Tag Archives: Spin-off

Should universities get rich with their spin-offs?

The issue is discussed in the June 2015 issue of Horizons, the research magazine of the Swiss National Science Foundation, to which I was asked to participate.

Dozens of startups are launched every year in Switzerland to commercialize the results scientific research funded in large part by the State. Should universities that have supported them become rich in case of commercial success?

Yes, says the politician Jean-François Steiert.

Over the last twenty years, about a thousand companies, mostly small, contributed to the success of Switzerland. The majority of them are successful, although investors, inclined to take risks, are rare in Switzerland as compared for example to the United States. Most of the time the spin-offs are supported by taxpayer money, in terms of infrastructure, social networks, scholarships or coaching services. The objective of this kind of public investment is primarily to encourage employment and research.

With the support from public funds, these innovations generate through sales or patents significant benefits in the order of tens or hundreds of millions of francs. The public, as an investor, must be able to require a portion of those profits. Not to allow the State or the universities to get rich, but to reinvest these funds in fostering the next generation of researchers.

At a time when the Confederation and the cantons implement programs of savings due to exaggerated tax cuts, additional funds must be generated in this way and support young researchers in the economic development of their innovations.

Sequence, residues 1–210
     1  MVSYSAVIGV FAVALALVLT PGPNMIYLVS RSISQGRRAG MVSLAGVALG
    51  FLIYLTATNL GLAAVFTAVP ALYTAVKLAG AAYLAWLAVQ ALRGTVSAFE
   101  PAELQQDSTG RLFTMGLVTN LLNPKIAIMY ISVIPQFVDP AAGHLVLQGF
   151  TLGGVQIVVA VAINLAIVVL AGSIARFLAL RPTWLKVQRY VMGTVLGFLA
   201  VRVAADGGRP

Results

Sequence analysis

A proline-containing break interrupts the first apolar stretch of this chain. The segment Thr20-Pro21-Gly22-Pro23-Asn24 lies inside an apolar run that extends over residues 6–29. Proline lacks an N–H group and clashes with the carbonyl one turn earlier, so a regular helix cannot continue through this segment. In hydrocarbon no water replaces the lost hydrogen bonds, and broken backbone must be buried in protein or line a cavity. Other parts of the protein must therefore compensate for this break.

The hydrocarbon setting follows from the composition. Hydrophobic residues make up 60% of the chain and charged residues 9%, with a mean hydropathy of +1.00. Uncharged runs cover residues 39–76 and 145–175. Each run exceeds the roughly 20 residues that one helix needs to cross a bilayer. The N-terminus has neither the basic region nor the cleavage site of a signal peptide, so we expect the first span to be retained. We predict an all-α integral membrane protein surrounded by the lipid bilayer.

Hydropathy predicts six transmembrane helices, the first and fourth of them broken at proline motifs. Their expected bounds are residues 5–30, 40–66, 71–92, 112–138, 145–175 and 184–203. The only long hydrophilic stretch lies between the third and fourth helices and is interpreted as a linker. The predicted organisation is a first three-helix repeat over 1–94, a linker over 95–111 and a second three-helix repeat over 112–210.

“The public, as an investor, must be able to require a portion of the profit.” Jean-François Steiert

When the sale of patents is concerned, it is not a question of aiming for the maximum return, nor of making profits with a unique key. Universities need flexibility to optimize the return. On the one hand, we need the creation and management of start-ups to remain attractive. On the other, one must reinvest adequately in the next generation of researchers.

What is lacking today is transparency. If universities want to maintain the confidence of the taxpayer, they must declare how much money is generated by their successful startups. This information, they owe it to the taxpayer who, rightly, wants to know if her money is well invested in research, a key area for Switzerland.

Jean-François Steiert (PS) is a member of the National Council since 2007 and member of the Commission for Science, Education and Culture.

No replies Hervé Lebret, manager of an EPFL investment fund.

When Marc Andreessen launched Netscape in 1993, one of the first Web browsers, the 22-year old American chose to start from scratch rather than sign a license with the University of Illinois, the conditions of which he considered abusive. Instead, Stanford University had less tensed relations with the founders of Google, taking a modest 2% stake (which become $336 million six years later at the company IPO). The same university asked nothing to Yahoo! as it considered that the founders had developed the web ite on their spare time. A few years later, one of the founders of Yahoo! made a gift of $ 70 million to Stanford – whereas Andreessen does not want to hear anything about his alma mater.

These examples show how the relationships between universities and corporations can worsen when they do not share the same perception of the value of a knowledge transfer. The latter is often free when it comes to education; but when it comes to entrepreneurship, the overwhelming majority of people think it should not be. Nevertheless, an indirect return already exists: first in the form of taxes and, more importantly, through the hundreds of thousands of jobs created by start-ups. Their value is ultimately much higher than the tens of millions of dollars reported each year by the best American universities from their licenses.